There were those performances you knew would work. Villagers singer Conor O’Brien’s haunted take on “The Man Who Sold The World” evoked nightmare and rough magic. The sweeping, erotic “Lady Grinning Soul” could have been designed for Anna Calvi’s brand of steely romanticism. Paul Buchanan’s emotive croak made “I Can’t Give Everything Away” even more unbearably valedictory.
|Conor O'Brien sings 'The Man Who Sold The World'|
But the most memorable moments were also the most unexpected. Laura Mvula intoned in Nadsat for “Girl Loves Me”, melting into tearful, yearning disbelief on the choruses. Composer David Lang had invited classical countertenor Philippe Jarrousky to turn “Always Crashing In The Same Car” into a keening renaissance lament. Amanda Palmer and Anna Calvi, black-clad and crowned in thorns, stood motionless as Greek caryatids to invoke the serpentine gravity of Blackstar’s title track.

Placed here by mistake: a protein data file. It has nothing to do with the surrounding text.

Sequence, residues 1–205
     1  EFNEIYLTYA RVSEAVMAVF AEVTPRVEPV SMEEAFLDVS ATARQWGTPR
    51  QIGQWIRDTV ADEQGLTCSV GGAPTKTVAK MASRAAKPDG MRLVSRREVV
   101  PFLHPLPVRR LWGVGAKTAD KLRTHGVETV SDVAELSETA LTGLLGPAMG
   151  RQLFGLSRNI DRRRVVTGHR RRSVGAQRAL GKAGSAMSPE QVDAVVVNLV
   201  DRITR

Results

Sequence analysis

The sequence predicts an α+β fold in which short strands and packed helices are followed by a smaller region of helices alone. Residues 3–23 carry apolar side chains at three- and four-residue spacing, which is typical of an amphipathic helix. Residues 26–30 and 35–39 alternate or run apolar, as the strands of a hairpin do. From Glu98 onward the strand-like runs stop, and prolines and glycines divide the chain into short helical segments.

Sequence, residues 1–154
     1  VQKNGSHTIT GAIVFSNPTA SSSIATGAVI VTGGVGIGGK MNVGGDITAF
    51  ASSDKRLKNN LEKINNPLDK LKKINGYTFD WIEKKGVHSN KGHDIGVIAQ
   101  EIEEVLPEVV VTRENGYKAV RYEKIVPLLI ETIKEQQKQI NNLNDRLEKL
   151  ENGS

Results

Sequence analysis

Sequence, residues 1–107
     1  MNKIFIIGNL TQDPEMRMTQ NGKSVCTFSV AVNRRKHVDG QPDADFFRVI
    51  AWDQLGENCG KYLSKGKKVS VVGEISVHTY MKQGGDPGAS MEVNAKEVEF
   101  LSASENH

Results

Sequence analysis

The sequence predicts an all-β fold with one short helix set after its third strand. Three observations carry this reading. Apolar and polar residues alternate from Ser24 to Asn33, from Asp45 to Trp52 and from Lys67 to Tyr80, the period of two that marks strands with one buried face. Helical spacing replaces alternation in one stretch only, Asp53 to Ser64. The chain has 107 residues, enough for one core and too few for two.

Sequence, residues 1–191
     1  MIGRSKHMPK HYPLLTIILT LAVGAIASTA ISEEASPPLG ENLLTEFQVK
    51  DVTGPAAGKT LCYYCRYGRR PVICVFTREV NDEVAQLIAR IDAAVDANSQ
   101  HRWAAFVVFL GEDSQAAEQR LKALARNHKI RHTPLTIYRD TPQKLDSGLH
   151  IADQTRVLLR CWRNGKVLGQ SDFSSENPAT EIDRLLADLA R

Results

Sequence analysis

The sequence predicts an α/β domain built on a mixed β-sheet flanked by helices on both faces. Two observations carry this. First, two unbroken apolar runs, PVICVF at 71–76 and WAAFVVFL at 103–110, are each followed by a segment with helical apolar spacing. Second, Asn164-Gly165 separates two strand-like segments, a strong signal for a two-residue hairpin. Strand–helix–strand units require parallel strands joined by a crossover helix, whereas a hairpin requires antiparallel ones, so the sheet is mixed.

|Anna Calvi sings 'Blackstar'|
Some experiments worked better than others, but there were few outright failures. Neil Hannon might have lacked the range and power to handle the higher notes of “This Is Not America”, but his just-behind- the-beat delivery eerily recalled Bowie’s in the lower registers of “Station To Station”. Composer/percussionist Greg Saunier’s reimagined “Fame” lost the funk but veered into minimalist territory instead, with Laura Mvula’s vocals bobbing like a cork on its staccato currents.
Saunier was perhaps the most adventurous of the night’s arrangers: there was one moment, near the end of
the concert, when the packed Albert Hall crowd realised that the deconstructed